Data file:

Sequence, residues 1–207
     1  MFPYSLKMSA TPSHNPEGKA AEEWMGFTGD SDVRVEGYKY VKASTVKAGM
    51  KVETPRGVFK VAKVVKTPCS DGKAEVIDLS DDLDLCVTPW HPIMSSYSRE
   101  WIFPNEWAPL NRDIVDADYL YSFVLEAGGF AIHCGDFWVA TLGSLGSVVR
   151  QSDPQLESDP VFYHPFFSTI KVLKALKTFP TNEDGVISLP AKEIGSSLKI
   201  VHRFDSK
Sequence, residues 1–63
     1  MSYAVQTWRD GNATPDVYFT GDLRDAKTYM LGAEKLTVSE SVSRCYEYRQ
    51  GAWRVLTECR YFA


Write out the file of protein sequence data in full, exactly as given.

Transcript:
Sequence, residues 1–207
     1  MFPYSLKMSA TPSHNPEGKA AEEWMGFTGD SDVRVEGYKY VKASTVKAGM
    51  KVETPRGVFK VAKVVKTPCS DGKAEVIDLS DDLDLCVTPW HPIMSSYSRE
   101  WIFPNEWAPL NRDIVDADYL YSFVLEAGGF AIHCGDFWVA TLGSLGSVVR
   151  QSDPQLESDP VFYHPFFSTI KVLKALKTFP TNEDGVISLP AKEIGSSLKI
   201  VHRFDSK
Sequence, residues 1–63
     1  MSYAVQTWRD GNATPDVYFT GDLRDAKTYM LGAEKLTVSE SVSRCYEYRQ
    51  GAWRVLTECR YFA